EUROPEAN UNION lead negotiator Michel Barnier says that, after organisation and presentation, the third round of talks on Britain’s exit from the EU “must be about clarification.”
Tory government dithering and failure to present its case until almost a year after the June 2016 vote have allowed EU officials to set the agenda.
Secretary of State for Exiting the European Union David Davis has given no clear indication of his brief and much of what has emerged is unattractive.
His Labour shadow Keir Starmer is right to bemoan lack of progress, especially with regard to fundamental differences over the rights of EU nationals living and working in Britain and UK citizens domiciled in Europe.
Labour’s longstanding proposal to set the minds of all concerned at rest by guaranteeing no change in their status could have provided a more congenial basis for negotiations, but Tory determination to use these people as gambling chips has soured the situation.
The government ought to have been aware that, as far as the EU is concerned, it cannot guarantee the right of British citizens settled in, say, Greece to transfer their residence to another EU member state.
The refusal of some east European states to accept a proportion of Syrian refugees arriving in the EU confirms where power resides on this matter.
Barnier’s insistence that the rights of EU citizens living in Britain can only be guaranteed by the European Court of Justice is clearly a bid to extend EU legal writ into the business of an independent state, which would be unacceptable anywhere in the world.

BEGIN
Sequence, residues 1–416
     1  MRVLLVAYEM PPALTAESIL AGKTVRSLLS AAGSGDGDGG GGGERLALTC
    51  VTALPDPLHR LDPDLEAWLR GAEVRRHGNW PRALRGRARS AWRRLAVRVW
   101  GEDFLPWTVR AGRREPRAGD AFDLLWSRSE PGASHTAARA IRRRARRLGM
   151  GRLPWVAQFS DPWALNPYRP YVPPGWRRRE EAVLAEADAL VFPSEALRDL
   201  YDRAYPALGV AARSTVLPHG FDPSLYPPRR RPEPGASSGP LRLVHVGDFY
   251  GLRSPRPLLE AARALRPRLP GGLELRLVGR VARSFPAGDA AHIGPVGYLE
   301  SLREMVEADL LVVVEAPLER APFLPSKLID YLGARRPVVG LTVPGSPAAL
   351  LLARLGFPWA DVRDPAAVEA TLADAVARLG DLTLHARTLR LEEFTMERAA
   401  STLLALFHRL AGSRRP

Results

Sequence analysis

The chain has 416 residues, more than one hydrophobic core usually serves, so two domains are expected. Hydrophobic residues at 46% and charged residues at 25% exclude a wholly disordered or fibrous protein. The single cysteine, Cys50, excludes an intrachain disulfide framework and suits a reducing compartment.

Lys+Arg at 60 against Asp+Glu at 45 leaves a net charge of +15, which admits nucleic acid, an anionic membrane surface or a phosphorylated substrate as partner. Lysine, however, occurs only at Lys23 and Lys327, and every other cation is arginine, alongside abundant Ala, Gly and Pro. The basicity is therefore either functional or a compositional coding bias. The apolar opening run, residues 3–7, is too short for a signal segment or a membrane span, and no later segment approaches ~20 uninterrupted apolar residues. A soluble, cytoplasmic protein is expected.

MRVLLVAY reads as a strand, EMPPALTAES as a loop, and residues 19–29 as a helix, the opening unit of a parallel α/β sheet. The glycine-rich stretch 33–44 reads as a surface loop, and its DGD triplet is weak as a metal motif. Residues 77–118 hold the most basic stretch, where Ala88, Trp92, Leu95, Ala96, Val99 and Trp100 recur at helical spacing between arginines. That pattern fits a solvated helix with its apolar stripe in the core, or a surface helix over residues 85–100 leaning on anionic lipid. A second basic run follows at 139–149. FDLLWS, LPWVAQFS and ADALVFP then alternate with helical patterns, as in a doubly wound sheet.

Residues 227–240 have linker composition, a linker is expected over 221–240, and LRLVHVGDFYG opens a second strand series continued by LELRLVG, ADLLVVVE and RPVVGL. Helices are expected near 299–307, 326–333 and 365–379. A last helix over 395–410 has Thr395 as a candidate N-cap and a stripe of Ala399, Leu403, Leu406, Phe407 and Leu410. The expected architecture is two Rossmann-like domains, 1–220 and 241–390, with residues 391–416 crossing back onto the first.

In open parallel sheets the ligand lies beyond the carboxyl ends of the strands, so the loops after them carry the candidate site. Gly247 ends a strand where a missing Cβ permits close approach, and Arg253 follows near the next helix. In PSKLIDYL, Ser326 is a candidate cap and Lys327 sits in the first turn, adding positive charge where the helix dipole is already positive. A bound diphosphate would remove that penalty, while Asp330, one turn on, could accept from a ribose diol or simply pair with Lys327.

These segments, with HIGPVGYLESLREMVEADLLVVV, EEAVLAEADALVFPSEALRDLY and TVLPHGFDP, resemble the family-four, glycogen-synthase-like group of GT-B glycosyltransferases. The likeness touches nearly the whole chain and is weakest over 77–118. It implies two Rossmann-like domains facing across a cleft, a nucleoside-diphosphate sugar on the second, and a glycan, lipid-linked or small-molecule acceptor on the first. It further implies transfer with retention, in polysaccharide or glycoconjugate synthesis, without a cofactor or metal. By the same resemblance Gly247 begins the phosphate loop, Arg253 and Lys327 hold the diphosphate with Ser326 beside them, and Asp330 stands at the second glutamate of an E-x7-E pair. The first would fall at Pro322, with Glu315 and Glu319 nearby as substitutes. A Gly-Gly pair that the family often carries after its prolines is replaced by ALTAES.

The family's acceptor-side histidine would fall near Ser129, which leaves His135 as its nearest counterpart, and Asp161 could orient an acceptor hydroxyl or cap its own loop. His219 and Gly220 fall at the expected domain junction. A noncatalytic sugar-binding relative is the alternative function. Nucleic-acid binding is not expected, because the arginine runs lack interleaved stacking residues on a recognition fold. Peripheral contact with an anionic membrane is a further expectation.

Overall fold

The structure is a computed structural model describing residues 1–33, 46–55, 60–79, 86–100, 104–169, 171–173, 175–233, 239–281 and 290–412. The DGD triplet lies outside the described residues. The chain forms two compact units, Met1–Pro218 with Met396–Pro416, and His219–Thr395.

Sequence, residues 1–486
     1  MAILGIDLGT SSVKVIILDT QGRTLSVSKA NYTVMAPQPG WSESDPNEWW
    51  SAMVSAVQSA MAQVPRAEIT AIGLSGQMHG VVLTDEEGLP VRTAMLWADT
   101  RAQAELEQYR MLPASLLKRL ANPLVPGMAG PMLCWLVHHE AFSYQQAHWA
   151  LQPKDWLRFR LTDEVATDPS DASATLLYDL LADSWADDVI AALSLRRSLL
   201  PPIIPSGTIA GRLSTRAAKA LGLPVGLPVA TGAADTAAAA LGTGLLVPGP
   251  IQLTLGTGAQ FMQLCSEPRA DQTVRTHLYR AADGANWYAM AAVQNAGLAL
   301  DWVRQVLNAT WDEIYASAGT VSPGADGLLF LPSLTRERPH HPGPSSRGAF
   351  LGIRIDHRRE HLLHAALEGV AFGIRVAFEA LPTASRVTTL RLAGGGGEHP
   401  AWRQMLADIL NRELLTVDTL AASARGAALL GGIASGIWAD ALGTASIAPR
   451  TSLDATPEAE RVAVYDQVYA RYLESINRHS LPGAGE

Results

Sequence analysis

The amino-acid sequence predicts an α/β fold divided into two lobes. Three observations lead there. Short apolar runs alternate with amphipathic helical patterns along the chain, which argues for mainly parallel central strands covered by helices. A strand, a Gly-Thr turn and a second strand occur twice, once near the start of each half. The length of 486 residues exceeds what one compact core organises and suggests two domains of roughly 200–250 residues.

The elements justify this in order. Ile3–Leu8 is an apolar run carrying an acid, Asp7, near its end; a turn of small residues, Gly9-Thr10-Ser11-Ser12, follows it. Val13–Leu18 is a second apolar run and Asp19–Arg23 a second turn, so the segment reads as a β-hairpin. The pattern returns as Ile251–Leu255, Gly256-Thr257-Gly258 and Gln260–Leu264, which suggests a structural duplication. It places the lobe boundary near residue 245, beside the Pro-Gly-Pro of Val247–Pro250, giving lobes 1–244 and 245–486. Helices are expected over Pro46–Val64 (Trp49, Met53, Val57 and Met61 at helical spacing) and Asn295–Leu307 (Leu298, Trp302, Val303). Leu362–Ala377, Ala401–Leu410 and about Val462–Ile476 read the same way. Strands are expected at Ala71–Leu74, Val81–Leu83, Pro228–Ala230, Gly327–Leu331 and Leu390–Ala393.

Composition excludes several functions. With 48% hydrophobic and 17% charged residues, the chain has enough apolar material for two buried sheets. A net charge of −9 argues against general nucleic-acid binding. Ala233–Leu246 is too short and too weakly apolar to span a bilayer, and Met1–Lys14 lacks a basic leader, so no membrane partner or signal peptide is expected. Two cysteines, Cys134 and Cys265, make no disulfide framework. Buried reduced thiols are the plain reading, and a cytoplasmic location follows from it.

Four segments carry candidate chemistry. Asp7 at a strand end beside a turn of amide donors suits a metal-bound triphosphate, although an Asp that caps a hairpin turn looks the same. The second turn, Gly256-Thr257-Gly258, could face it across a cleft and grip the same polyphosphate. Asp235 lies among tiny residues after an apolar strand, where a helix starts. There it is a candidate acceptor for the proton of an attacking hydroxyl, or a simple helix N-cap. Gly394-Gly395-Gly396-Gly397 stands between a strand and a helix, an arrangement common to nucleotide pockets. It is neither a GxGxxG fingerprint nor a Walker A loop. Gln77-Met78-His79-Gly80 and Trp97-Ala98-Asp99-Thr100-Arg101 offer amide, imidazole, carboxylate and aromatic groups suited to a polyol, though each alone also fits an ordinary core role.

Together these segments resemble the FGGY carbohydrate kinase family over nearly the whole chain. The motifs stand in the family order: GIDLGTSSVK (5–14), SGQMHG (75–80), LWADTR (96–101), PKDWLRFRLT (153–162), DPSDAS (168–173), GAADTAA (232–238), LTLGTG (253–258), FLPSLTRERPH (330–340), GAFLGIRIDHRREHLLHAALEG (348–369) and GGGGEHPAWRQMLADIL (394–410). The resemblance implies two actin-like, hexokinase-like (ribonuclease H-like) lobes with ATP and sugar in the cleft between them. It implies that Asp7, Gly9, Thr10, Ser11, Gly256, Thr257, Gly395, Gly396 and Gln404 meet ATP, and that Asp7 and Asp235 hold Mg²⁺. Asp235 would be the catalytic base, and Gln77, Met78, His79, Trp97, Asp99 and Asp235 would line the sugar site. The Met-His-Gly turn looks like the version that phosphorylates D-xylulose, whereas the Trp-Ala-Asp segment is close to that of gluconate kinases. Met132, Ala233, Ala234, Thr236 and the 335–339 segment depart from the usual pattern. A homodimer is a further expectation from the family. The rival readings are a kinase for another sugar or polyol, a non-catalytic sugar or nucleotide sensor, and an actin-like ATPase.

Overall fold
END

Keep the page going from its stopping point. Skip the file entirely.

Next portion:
An independent Britain will clearly be bound, on leaving the bloc, to accept some financial commitments such as time-defined spending programmes it has freely entered into.
The May government should have acted swiftly to acknowledge a list of such legal responsibilities rather than encouraging the parliamentary idiocy of Boris Johnson with his childish “go whistle” comment in the face of demands and guesstimates by various EU politicians.
A more grown-up attitude that recognises differences between legally justifiable liabilities and efforts by the EU to impose a reverse dowry or a punitive fee to enjoy an ongoing trading relationship is expected from a Cabinet minister.
There is no reason why Labour’s position of maintaining the same tariff-free trading arrangement outside the single market and customs union could not be negotiated, given the mutual benefits of ongoing stability.
It is noteworthy that it is largely EU-centralist political zealots who dangle threats of worsened conditions while most member state leaders see the value of undisrupted trade.
The EU suggests that Britain’s EU exit poses problems for Ireland, the common travel area and the Good Friday Agreement, but they are problematic only if someone is determined to make them so.
The common travel area between the Irish Republic and UK predates the EU and there is no wish from any significant player to reinforce the intra-Irish border any more than to wreck the Good Friday Agreement.
Northern Ireland voters backed the Remain camp in the UK referendum after Sinn Fein reversed its previous hostility to the EU while the Democratic Unionist Party retained its anti-Brussels stance.
Neither party nor even the Dublin government has any say in the current negotiations.
Irish people’s futures will depend on talks between London and Brussels unless and until a distinctive all-Ireland initiative emerges.
Barnier’s professed concerns over Ireland emulate the classic divide-and-rule tactics of British colonialism and should not be encouraged or tolerated.